Japan Is Paying Atomic Bomb Survivors to Tell Their Stories

Atomic bomb dome
Atomic bomb dome | © Terence Mangram/Flickr
Lucy Dayman

In 1945, the Japanese cities of Nagasaki and Hiroshima were obliterated by U.S. atomic bombings during the final stages of World War II. The first event happened on August 6, when an American B-29 bomber dropped the world’s first atomic bomb over Hiroshima, wiping out around 90% of the city and killing 80,000 people instantly. Many others perished due to radiation and illness not long after.

Three days after that attack, a second B-29 bomber went on to unleash another bomb on Nagasaki, wiping out around 40,000 more people and leaving more death and destruction in its wake. A devastating moment in the history of humanity, it’s an important reminder of how dark times of conflict can get.

Between 2012 and 2014, the cities of Hiroshima and Nagasaki started training survivors of the events, known as “hibakushas” to become storytellers. Today there are about 100 storytellers in total, mainly locals who have gone on to share their testimonies of what it was like to live through this horrific moment in human history.


As well as giving talks at Hiroshima Peace Memorial Museum and Nagasaki Atomic Bomb Museum, they’ve toured throughout the country passing on messages of great sadness, but also stories of resilience and peace.

Prior to now, those hosting the events and requesting the speakers, were required to cover the costs of transport, lodging and any other additional expenses. For smaller government organisations, the financial burden meant that they had to give up on their hopes of bringing a storyteller to their town.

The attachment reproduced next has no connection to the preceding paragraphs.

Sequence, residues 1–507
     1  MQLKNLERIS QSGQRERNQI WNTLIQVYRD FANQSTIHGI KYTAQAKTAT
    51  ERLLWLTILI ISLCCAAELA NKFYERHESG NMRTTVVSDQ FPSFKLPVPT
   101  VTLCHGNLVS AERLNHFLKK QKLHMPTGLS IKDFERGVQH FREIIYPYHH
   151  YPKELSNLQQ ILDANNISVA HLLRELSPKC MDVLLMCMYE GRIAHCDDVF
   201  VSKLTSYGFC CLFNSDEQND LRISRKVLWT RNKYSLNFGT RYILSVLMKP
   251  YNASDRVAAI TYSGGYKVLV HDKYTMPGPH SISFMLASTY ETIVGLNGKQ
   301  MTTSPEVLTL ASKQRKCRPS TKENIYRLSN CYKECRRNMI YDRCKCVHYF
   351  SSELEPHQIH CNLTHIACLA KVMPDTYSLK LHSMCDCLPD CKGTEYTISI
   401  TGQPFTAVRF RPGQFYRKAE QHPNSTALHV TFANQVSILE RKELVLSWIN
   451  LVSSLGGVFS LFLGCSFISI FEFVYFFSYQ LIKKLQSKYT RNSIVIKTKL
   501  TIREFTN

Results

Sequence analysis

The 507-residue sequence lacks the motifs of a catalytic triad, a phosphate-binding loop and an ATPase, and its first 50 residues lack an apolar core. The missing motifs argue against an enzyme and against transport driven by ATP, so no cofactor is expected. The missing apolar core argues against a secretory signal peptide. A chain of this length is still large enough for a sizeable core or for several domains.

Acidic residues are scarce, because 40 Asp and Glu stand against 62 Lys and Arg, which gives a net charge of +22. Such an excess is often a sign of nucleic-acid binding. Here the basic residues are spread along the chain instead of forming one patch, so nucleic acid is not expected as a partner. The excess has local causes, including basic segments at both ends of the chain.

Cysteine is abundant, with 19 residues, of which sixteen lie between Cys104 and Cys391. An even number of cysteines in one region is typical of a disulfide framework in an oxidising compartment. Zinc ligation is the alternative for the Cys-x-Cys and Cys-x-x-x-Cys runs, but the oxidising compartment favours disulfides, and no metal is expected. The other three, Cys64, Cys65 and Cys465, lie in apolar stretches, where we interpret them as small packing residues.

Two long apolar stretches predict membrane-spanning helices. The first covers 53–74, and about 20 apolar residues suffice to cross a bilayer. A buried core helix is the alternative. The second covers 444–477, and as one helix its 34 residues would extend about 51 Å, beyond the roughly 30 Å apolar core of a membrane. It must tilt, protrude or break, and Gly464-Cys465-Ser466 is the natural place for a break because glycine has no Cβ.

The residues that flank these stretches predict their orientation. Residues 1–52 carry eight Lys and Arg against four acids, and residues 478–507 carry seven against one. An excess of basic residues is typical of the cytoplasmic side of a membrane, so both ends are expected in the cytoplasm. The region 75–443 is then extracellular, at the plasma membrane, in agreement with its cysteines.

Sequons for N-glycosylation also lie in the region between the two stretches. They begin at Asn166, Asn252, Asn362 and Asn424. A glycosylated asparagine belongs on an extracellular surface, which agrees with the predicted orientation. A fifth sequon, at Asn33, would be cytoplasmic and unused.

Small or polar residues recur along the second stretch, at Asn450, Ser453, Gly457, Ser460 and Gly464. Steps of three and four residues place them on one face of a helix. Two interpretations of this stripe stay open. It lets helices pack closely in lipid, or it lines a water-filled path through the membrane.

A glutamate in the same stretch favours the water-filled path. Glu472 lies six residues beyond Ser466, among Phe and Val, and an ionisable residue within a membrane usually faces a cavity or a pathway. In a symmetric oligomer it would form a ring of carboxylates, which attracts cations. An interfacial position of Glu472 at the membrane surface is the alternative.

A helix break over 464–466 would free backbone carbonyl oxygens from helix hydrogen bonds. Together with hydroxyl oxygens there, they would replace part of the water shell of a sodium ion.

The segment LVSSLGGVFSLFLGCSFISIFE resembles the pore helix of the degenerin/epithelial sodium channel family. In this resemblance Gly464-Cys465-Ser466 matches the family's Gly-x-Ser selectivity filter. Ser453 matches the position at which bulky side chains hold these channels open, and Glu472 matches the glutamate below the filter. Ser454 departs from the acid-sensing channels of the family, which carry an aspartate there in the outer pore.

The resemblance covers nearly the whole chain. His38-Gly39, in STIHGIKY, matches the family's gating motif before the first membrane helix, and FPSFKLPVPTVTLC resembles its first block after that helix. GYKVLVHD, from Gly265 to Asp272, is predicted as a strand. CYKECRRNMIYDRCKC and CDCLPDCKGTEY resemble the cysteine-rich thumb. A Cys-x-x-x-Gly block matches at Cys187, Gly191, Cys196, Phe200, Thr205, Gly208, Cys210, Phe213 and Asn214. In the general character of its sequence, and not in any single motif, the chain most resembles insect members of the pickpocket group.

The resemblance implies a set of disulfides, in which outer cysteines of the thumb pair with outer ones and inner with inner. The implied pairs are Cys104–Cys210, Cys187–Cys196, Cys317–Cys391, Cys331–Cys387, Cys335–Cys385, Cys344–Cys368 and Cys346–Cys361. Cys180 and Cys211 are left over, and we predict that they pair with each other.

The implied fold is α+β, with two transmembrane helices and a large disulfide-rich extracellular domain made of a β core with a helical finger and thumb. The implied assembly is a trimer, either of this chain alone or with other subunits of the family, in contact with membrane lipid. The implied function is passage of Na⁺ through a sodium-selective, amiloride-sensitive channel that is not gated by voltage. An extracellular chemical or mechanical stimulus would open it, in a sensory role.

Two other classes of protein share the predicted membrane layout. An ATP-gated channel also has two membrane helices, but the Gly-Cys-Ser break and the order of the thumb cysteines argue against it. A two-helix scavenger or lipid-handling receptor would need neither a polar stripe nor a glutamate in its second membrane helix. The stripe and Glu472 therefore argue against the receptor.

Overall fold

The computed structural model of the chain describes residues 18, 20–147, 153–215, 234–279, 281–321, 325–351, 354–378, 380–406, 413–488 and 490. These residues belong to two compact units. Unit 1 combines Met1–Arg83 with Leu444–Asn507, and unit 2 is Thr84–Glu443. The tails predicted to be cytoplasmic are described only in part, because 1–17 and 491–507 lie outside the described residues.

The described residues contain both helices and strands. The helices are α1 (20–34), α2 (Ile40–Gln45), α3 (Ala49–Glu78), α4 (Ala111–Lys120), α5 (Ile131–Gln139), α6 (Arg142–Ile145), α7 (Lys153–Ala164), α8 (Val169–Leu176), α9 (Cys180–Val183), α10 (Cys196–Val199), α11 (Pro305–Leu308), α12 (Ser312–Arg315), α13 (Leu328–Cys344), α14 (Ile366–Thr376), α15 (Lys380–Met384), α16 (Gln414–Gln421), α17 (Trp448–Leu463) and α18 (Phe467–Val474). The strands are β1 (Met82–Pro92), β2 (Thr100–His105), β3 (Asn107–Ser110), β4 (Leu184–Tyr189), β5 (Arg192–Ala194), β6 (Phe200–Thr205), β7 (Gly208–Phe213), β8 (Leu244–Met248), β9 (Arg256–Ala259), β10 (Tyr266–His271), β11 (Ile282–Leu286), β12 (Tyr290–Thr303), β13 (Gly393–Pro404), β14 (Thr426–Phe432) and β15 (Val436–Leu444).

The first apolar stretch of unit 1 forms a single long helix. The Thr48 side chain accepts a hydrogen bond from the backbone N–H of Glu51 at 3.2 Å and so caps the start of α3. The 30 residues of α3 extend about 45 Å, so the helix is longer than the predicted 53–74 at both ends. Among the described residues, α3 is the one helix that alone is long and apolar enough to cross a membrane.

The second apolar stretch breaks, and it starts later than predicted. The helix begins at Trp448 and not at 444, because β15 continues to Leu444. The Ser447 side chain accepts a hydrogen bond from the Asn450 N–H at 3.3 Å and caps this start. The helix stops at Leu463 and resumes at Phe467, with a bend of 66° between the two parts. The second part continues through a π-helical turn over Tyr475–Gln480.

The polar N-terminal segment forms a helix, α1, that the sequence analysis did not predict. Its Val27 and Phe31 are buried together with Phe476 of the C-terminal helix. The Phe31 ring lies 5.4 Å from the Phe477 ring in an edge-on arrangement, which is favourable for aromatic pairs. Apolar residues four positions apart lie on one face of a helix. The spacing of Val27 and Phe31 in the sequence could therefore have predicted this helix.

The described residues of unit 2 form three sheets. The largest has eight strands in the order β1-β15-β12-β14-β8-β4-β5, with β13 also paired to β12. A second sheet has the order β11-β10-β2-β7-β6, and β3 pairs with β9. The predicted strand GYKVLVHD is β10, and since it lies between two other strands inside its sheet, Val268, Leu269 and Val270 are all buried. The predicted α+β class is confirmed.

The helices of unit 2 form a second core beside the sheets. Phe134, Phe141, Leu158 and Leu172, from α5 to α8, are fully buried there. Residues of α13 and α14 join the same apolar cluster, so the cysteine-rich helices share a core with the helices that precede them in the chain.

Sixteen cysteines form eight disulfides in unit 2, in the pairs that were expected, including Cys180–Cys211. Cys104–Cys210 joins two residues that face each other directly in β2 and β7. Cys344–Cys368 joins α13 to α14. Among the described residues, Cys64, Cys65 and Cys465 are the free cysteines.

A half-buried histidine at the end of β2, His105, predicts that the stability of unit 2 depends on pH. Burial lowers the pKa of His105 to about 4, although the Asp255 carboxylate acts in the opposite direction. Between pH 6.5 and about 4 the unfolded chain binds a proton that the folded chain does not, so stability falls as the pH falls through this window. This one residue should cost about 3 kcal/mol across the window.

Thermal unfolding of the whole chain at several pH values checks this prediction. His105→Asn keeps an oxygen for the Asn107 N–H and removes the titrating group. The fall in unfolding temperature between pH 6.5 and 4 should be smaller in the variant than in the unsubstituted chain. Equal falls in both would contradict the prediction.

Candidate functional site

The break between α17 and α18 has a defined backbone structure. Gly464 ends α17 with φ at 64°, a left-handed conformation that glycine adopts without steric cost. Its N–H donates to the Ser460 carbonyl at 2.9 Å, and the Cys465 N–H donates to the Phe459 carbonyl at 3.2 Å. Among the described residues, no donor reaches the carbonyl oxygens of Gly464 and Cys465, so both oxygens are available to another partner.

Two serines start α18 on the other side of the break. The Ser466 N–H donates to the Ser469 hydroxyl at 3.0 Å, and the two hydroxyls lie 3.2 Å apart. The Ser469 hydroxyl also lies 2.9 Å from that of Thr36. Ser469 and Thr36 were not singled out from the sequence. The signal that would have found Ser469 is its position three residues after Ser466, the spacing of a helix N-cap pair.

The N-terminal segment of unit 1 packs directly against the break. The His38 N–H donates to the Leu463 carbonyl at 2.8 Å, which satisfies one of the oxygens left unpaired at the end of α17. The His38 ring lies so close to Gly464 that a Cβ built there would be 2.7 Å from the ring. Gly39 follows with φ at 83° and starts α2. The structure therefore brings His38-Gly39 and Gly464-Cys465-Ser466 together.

In order to help share the stories of “hibakushas” and ease the financial burden of this important initiative, Japan’s Health, Labour and Welfare Ministry has just announced that they’ll factor in a 30 million yen (US$280,000) in the draft of the 2018 budget to help share the storytellers’ messages with not only Japan, but the world. The government has also stated they’ll conduct English lessons to prepare those planning to talk overseas.


Serving as contact points for the storytellers, the Hiroshima Peace Memorial Museum and Nagasaki Atomic Bomb Museum reported that in 2016 there were 180 requests for storytellers to appear at universities, schools and other organised events across the nation. With this recent announcement that number is sure to skyrocket.

As of March last year, the official combined number of “hibakusha,” from both Nagasaki and Hiroshima was 164,621 and the average age 81.41. However, the message won’t be forgotten as the storytellers will also have “A-bomb legacy successors,” people who can continue the storytelling after the first generation of survivors have passed on.

Like Pope Francis reminded us at the beginning of this year, though it happened in the past, it’s something we can continue to learn from to this day.

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